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Italy to celebrate 150th anniversary - but not all approve PDF Print E-mail
Feb 21, 2011 at 06:30 PM
Image After weeks of to-ing and fro-ing, the Italian government has finally decided to declare March 17th an official holiday to celebrate the 150th anniversary of Italian unity which falls this year. But the issue is still fraught with controversy and dissent. Several members of the government say that giving Italians another day off in a time of economic crisis makes no sense, especially as the festivities will also leave a dent in the Italian budget. Most have come round to supporting the Cabinet's decision but not the ministers who belong to the autonomist Northern League.

The idea for a celebration, which has been talked about for the last two years, is backed strongly by Italian president Giorgio Napolitano who, convinced that Italians need to have greater pride in their common history, reportedly had sent out invitations to dozens of other heads of state and government even before the Cabinet finally got around to approving it.

One of the major opponents of the holiday is Roberto Calderoni, the Minister of Simplification, who is a member of the Northern League, the powerful smaller party which favors what it terms fiscal federalism as part of a desire for greater autonomy for the Italian north and which is responsible for keeping Prime Minister Silvio Berlusconi in power during the ongoing "Ruby"scandal.

Two weeks ago, Luis Durnwalder, governor of the province of Bolzano-Bozen near the Austrian border, said the province, which is semi-autonomous and has a German-speaking majority, would not be joining in the celebrations.

But yesterday, the Italian mayor of Bolzano, Liugi Spagnolli, went on television to say that his city nevertheless would be fully participating in the festivities. He criticized Durnwalder for his uncooperative attitude and said it was not likely to help relations between the two different ethnic groups.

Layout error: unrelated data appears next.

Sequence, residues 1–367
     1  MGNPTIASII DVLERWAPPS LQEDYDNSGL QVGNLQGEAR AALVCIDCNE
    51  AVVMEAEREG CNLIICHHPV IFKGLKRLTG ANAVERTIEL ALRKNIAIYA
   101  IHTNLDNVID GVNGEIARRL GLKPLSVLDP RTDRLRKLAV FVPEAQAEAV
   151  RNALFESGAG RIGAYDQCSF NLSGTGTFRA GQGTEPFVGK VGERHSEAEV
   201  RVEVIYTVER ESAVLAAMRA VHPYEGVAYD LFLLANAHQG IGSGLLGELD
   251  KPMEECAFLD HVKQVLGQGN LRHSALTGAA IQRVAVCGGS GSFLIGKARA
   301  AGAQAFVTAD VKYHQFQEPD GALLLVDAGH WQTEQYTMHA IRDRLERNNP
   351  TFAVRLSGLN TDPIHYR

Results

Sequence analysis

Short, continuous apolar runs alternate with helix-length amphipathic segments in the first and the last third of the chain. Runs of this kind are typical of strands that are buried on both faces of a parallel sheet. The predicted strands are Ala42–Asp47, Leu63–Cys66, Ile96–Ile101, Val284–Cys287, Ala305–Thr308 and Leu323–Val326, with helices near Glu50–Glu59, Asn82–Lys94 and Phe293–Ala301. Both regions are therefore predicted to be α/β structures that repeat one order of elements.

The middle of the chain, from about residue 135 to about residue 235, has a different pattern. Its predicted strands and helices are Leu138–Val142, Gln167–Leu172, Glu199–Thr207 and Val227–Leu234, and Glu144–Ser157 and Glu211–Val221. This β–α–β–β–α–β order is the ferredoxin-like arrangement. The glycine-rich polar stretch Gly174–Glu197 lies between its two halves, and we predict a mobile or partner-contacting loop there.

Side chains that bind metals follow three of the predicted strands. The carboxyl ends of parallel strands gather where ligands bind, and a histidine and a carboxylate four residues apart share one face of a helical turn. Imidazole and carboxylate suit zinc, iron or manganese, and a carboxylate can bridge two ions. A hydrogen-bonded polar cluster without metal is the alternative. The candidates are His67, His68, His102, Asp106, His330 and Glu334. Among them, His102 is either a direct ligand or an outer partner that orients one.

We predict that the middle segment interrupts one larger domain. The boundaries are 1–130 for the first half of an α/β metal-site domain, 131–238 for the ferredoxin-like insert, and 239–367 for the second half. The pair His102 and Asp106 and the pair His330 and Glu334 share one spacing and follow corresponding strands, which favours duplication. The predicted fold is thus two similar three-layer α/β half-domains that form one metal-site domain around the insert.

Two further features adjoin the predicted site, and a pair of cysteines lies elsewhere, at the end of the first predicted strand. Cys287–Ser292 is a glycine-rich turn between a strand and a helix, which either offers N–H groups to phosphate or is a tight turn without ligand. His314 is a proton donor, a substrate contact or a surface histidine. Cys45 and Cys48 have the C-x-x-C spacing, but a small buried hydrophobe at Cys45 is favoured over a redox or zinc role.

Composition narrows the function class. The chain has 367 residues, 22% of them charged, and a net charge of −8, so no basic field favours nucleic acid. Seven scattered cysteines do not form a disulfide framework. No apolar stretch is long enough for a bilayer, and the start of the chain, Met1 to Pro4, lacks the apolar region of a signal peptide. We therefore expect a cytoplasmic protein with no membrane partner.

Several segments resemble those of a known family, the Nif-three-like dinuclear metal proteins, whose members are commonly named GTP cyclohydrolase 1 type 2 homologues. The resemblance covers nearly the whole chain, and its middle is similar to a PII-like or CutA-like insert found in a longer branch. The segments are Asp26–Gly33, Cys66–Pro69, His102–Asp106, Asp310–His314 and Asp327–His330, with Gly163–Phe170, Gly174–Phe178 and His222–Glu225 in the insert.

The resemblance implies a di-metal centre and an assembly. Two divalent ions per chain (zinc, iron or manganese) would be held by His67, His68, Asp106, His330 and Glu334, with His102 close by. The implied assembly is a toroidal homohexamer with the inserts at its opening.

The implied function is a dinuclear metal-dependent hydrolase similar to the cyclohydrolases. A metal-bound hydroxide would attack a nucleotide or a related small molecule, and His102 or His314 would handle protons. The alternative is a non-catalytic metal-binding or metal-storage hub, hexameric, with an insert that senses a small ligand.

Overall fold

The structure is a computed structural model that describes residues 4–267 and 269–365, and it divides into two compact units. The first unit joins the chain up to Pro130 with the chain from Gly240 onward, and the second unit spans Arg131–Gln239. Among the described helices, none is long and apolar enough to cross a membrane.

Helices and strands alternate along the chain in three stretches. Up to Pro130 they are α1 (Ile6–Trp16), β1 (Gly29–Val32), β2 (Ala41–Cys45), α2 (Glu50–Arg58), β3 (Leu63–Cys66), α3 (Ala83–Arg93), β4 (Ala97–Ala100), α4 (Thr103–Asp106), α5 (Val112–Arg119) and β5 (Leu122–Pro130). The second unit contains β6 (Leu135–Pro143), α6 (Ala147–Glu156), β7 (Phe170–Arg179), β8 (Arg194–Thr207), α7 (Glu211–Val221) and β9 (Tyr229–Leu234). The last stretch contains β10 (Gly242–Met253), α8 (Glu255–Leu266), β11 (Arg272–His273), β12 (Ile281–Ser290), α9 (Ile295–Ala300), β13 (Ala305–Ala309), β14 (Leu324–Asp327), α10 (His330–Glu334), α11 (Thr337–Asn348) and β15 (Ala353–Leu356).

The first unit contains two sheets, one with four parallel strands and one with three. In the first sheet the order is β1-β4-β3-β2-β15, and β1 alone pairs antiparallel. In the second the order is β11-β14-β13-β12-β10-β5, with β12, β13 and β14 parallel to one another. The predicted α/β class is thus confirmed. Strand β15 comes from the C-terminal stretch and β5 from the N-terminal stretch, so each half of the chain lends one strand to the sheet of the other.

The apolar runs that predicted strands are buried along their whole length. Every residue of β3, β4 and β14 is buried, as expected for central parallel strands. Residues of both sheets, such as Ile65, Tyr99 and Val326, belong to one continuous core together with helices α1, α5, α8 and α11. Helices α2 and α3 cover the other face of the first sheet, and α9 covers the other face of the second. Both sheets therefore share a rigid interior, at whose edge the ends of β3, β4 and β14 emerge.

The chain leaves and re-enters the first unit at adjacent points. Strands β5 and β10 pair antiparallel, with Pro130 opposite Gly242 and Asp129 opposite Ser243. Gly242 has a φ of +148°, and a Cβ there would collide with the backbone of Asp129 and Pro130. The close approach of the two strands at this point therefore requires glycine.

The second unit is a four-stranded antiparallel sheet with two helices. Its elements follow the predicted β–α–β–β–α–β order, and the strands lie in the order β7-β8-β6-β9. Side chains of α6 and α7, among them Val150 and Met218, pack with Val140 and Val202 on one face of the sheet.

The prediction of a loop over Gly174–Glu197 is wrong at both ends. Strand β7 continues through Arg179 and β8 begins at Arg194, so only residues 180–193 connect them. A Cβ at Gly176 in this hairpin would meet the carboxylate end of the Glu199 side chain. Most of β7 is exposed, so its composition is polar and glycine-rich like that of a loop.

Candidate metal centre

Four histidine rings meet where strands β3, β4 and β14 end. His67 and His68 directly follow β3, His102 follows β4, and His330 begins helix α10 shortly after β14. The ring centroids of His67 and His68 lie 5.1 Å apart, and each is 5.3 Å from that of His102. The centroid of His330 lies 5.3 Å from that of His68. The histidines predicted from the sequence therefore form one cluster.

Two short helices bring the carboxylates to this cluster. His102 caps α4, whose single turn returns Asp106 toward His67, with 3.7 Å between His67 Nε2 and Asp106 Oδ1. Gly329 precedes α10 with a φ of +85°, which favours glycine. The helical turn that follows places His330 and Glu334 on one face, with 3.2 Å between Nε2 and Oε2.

On March 17, 1861, in Turin, King Victor Emanuel II of the Kingdom of Savoy and Sardinia , officially assumed the title of King of Italy for himself and his heirs, "By the will of God and the country", he said, adding "Long live the Kingdom of Italy". The formation of Italy as a state, rather than as just an ethnic grouping or nation (in 1815 at the Congress of Vienna, the Austrian diplomat, Count Metternich disparagingly called Italy "just an expression" rather than a nation) was made possible by the defeat of the Kingdom of the Two Sicilies in the Italian South by Giuseppe Garibaldi and his Red Shirts allied with the Kingdom of Piedmont-Sardinia.

Of course, Italy did not truly become united until 1870 when Piedmontese troups entered Rome, thereby defeating the Pope who at the time still controlled much of central Italy including most of the modern Italian regions of Romagna, Marche, Umbria and Lazio. But 1861 is considered the date of the country's real birth.

A vast number of celebrations are planned thoughout the country, with some 400 sites named as "historic places", including - in Rome - the Janiculum Park near which some of the most important battles against the Pope and his French supporters were waged. Statues and other monuments are to be restored, and several new museums will be opened.

Three major exhibitions are planed in Turin and Rome, not to mention smaller shows elsewhere in the country. Various conventions that are planned will be allowed to use the 150th anniversary logo. A website planned for later this year will provide schools with texts and multimedia material. And the worldwide network of Italian Culture Institutes will be holding exhibitions and conferences.

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